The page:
That said, there's nothing in 90's futurism that I am aware of that really strikes me as being particularly worthy of special interest yet. Right now, it all just looks kind of sad, really.

The Metreon in San Francisco is a good example of this kind of failed hightech/dotcom futurism. It started with a lot of conceptual exhibits regarding the integration of art and technology, only to find that the artistic, creative elements didn't pay and didn't draw particularly large crowds, and that the only noteworthy success were the movie theatres instead.

Innovation and design has given way to commerce, and Sony sold the place to a mall manufacturer. Upstairs exhibits are gradually being replaced by additional movie theatres, while much of the ground floor seems to be a constantly changing series of marginal businesses, many of which, unsurprisingly, vend mundane rows of (designer) beige sweaters, or something to that effect.

It's odd / sad that the S.F. Bay Area can't maintain the kind of inertia for a place like the Metreon, which is basically a counterpart to Tokyo's Sony Store.

It's indicative of a failed, inefficient infrastructure in the S.F. Bay Area and in much of the U.S. -- a kind of urban suburban blight. Instead of densely populated cities linked with easily-accessable public transportation and wired with inexpensive fiber optical internet access, there's sprawl, with malls every few miles and the promise of a Starbucks/Blockbuster/Borders/Noah's Bagels shopping plaza within walking distance... not that anyone actually walks.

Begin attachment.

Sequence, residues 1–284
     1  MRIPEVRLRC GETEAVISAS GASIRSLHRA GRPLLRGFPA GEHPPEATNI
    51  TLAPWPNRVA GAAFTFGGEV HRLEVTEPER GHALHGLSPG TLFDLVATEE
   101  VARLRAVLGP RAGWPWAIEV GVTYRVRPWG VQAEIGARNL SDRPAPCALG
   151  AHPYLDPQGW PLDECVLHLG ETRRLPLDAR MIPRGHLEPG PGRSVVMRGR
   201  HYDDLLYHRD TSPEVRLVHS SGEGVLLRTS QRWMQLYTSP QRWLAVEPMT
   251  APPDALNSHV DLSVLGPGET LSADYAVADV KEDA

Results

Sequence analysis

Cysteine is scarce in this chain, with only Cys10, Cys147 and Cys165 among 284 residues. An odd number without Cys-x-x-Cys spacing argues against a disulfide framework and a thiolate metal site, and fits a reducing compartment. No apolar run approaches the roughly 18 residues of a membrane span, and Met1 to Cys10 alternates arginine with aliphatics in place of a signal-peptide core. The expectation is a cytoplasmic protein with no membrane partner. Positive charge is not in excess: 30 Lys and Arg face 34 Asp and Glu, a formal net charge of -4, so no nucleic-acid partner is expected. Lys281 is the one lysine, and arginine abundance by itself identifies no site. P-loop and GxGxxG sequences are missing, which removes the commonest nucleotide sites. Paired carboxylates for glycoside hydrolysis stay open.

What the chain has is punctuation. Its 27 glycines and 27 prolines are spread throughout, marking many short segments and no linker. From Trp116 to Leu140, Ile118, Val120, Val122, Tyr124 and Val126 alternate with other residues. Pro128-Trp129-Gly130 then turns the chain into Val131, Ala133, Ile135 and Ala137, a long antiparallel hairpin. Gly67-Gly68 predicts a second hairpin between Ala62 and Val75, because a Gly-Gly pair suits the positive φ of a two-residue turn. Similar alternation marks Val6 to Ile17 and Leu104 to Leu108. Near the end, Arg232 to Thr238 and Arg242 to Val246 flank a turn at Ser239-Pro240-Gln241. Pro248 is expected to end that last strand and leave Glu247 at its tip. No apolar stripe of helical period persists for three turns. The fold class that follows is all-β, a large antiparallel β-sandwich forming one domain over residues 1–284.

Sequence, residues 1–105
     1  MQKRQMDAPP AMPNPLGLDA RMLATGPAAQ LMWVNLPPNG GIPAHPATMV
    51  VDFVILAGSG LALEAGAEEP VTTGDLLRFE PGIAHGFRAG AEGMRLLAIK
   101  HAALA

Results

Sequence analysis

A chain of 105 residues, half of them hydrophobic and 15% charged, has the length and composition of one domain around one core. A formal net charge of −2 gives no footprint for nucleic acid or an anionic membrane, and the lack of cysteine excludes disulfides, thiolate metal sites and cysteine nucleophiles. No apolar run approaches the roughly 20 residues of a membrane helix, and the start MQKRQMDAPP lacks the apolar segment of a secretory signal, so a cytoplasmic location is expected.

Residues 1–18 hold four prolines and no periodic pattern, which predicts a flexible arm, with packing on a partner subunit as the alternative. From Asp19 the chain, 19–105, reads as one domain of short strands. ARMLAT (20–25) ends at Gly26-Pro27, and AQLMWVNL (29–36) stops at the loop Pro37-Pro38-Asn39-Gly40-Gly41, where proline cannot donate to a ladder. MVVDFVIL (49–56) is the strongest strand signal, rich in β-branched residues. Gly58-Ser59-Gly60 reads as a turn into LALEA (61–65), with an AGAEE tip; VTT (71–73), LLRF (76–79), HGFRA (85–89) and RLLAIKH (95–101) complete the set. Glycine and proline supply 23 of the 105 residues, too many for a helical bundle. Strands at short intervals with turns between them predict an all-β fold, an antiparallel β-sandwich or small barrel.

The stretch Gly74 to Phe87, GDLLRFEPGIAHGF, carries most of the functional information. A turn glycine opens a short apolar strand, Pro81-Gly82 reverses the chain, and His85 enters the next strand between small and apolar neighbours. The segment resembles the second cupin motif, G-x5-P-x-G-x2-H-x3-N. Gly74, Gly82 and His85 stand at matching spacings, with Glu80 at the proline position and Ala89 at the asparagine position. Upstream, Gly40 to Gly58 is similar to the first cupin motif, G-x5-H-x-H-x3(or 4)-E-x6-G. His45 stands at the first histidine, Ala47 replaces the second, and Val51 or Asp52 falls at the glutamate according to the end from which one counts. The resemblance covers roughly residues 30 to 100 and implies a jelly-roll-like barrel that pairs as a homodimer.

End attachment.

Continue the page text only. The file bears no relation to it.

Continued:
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imomus
imomus
imomus
Sun, Nov. 19th, 2006 03:35 pm (UTC)
Sharkitecture

I'd have to banish the Metreon from discussions of blob-futurism, I think. A blob or spore building aims to eliminate angles and corners of all kinds. It might look like a pear, or it might look like a Matisse nude, but above all it should look "organic". But, as Jade reports for Ars Technica:

"The Metreon itself is mostly just a big silver box. Go buy a silver flip top lighter from the tobacco shop of your local mall, write METREON in real small letters on it, and hold it at arms length. You will have the essence of the architectural experience that is Metreon... Do not bring blind people here or they will get hurt. I guess angles and edges are stylish because they, aesthetically, poke you in the eye at every turn in this place..."

In other words, this is "sharkitecture" -- think Zaha Hadid, whose proclivity for aggressive angles turns everything she touches into a shark. Odd, because she herself is shaped like a nice curvy pod.